Modern office lighting design guide lamp selection.

According to the characteristics and requirements of modern office space, as well as the understanding and grasp of lighting sources, electrical technology and products, the framework of designers' lighting design in the office is basically established. Today we look at how to choose the right lighting for office lighting.

In lighting recommendation, the lighting designer's role is like a headhunter. She is responsible for applying the most suitable product recommendation to the most suitable space. The last product, can not be competent for this space, just like this person is competent for this position. Unlike headhunters, headhunters are not responsible for designing job responsibilities. They only find the right people according to their needs. The designer is the first person responsible for shaping the light environment of the space itself. Moreover, the case itself will become a designer. One of the products, therefore, should bear more important responsibilities.

We have already evaluated the color temperature, color rendering, and energy efficiency of the light source. If we regard this part as the candidate’s knowledge reserve, then today we look at the luminaire, which is an assessment of whether or not he is competent for the job. (All metaphors are lame, haha, make do with understanding ~) Of course, we designers often have, as well as the size, shape, material, workmanship requirements of the lamps, not included in this article.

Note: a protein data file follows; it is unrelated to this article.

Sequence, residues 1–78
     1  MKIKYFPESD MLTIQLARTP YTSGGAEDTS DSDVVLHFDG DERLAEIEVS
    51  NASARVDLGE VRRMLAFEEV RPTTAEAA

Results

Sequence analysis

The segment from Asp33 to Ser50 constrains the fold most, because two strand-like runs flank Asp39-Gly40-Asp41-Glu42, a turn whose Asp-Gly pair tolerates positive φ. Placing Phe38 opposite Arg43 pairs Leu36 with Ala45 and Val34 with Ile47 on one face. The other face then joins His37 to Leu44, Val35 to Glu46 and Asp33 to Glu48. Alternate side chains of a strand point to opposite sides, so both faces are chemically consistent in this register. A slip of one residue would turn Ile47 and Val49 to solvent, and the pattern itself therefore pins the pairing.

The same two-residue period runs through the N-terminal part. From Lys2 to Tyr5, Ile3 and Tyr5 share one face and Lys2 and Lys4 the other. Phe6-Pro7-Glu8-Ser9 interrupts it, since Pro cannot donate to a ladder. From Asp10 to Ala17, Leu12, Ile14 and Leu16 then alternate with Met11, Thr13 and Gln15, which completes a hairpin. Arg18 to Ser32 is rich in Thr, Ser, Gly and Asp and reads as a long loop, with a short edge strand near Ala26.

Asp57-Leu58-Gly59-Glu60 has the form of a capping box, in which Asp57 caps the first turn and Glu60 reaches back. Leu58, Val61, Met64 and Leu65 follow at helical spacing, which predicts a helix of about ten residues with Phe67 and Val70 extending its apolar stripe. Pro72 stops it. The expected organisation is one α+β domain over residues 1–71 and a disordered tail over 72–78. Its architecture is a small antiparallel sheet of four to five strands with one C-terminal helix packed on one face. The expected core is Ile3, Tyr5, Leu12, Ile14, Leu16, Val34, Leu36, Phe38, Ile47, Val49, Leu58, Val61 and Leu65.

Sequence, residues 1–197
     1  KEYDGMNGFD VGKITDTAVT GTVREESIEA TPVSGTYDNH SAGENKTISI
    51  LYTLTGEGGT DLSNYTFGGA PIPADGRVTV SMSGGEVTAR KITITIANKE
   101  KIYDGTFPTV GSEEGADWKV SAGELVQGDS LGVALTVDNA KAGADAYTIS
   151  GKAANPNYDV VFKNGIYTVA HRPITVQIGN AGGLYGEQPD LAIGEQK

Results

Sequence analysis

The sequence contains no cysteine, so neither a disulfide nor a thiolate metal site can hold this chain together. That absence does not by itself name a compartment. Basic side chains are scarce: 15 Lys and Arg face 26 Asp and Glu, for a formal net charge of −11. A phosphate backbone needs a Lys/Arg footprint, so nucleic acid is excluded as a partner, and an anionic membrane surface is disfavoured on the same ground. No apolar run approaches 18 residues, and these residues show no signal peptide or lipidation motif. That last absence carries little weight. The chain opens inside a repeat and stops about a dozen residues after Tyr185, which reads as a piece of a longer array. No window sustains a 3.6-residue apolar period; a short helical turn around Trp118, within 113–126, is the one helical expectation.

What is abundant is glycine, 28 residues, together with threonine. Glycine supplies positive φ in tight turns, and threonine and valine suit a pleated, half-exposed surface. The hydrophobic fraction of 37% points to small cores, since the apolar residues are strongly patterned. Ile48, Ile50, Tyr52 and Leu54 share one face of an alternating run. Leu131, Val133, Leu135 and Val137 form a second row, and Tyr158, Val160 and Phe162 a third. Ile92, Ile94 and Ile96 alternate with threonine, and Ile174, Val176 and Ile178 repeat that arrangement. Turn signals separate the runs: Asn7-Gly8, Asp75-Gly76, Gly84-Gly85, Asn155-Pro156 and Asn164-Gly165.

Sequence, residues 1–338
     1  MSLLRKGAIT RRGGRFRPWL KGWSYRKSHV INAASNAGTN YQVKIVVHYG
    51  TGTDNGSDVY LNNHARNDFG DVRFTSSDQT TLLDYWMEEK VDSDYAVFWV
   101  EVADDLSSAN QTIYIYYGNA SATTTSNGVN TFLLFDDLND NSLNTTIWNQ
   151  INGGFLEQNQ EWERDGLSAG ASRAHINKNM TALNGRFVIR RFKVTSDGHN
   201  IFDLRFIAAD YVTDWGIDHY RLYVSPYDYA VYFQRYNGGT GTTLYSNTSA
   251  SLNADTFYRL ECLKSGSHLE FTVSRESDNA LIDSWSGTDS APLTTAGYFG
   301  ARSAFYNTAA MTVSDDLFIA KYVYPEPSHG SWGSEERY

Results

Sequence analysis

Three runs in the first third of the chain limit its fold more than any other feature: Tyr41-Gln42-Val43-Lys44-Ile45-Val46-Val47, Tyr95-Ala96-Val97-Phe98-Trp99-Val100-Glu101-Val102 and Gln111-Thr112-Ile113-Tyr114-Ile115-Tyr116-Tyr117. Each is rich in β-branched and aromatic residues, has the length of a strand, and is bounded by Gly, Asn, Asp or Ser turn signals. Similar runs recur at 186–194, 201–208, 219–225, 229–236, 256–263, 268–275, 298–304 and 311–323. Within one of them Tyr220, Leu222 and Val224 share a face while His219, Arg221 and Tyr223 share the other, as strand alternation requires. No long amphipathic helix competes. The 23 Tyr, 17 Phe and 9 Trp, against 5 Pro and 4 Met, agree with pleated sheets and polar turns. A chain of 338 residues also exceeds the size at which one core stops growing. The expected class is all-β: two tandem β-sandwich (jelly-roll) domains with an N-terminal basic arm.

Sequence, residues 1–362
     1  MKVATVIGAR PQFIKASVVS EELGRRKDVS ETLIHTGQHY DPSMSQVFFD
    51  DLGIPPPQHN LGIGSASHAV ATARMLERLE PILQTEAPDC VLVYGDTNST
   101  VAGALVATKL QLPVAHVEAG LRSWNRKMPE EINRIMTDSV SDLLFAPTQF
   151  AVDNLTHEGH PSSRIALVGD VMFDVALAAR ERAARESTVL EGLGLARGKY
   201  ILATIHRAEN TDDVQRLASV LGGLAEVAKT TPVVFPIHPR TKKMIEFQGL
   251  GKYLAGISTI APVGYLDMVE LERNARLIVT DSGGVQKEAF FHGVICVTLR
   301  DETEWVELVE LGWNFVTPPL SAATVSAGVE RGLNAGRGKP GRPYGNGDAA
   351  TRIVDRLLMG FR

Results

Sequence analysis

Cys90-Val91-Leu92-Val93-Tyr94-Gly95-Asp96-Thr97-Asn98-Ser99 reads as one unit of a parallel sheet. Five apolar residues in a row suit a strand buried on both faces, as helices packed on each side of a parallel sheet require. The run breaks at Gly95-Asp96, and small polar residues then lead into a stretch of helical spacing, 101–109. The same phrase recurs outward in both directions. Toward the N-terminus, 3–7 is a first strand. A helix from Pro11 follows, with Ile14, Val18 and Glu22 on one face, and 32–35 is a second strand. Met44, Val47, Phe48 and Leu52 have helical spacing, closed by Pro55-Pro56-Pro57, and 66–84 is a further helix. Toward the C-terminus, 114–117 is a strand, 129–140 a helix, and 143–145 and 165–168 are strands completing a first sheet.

For modern office space, the main aspects of lamp evaluation involve: light output mode, light extraction efficiency, light distribution curve, and lamp brightness limit curve, which are mainly related to space energy efficiency level, glare control, and brightness distribution. The latter two are directly related to Visual comfort. We use the lamp panel, the most commonly used office space, as an example for analysis.

Fish and bear's paw can not have both, the color rendering and luminous efficiency of the light source is a pair of contradiction, the utilization efficiency and comfort of the light are also a pair of family members.


Spectral light efficiency curve

[Insert] Why is the color rendering and light efficiency of the light source a contradiction?

According to the above spectral light efficiency curve (see function), the human eye feels the most sensitive to the green light at 555 nm. It is worth noting that when the radiated power of the green light at 555nm is 1W, the emitted light flux is 683lm. At this time, the luminous flux generated by the 1W power is the largest, that is, 1lm is equivalent to 1/683W, which is required for generating 1lm of luminous flux. The minimum power.

  We can see that if the light efficiency is required, the wavelength of the radiation of the light source needs to be concentrated to 555 nm as much as possible. However, the requirement of color rendering is that the radiation wavelength of the light source needs to be distributed in each band.

  Let's look at this pair of friends: the efficiency and comfort of light. From the perspective of light utilization efficiency, we hope that all light can be used directly on the work surface, but in terms of comfort, we like the light in the space (no matter whether it is homogeneous light or more interesting brightness distribution). ).

When selecting lamps, we need to balance the two, and then we can determine the lighting methods of the lamps: